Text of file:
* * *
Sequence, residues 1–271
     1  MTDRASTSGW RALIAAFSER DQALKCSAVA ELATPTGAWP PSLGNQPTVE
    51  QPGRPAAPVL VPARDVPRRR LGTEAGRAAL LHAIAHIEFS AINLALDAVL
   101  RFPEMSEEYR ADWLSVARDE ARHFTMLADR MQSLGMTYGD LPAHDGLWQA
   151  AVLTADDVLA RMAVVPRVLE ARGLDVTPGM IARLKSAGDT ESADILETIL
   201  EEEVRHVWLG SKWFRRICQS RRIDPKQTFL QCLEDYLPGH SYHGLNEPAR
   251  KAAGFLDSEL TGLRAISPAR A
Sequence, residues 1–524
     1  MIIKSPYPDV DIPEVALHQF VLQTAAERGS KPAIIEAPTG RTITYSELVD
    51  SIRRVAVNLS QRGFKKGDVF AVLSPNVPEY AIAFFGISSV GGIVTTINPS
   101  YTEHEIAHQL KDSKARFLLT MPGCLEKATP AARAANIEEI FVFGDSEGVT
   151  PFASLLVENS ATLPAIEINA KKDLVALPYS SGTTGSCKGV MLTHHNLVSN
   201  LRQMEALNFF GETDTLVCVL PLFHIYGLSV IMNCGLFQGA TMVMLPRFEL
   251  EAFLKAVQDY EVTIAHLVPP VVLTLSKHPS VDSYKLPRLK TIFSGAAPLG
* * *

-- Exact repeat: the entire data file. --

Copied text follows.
Sequence, residues 1–271
     1  MTDRASTSGW RALIAAFSER DQALKCSAVA ELATPTGAWP PSLGNQPTVE
    51  QPGRPAAPVL VPARDVPRRR LGTEAGRAAL LHAIAHIEFS AINLALDAVL
   101  RFPEMSEEYR ADWLSVARDE ARHFTMLADR MQSLGMTYGD LPAHDGLWQA
   151  AVLTADDVLA RMAVVPRVLE ARGLDVTPGM IARLKSAGDT ESADILETIL
   201  EEEVRHVWLG SKWFRRICQS RRIDPKQTFL QCLEDYLPGH SYHGLNEPAR
   251  KAAGFLDSEL TGLRAISPAR A
Sequence, residues 1–524
     1  MIIKSPYPDV DIPEVALHQF VLQTAAERGS KPAIIEAPTG RTITYSELVD
    51  SIRRVAVNLS QRGFKKGDVF AVLSPNVPEY AIAFFGISSV GGIVTTINPS
   101  YTEHEIAHQL KDSKARFLLT MPGCLEKATP AARAANIEEI FVFGDSEGVT
   151  PFASLLVENS ATLPAIEINA KKDLVALPYS SGTTGSCKGV MLTHHNLVSN
   201  LRQMEALNFF GETDTLVCVL PLFHIYGLSV IMNCGLFQGA TMVMLPRFEL
   251  EAFLKAVQDY EVTIAHLVPP VVLTLSKHPS VDSYKLPRLK TIFSGAAPLG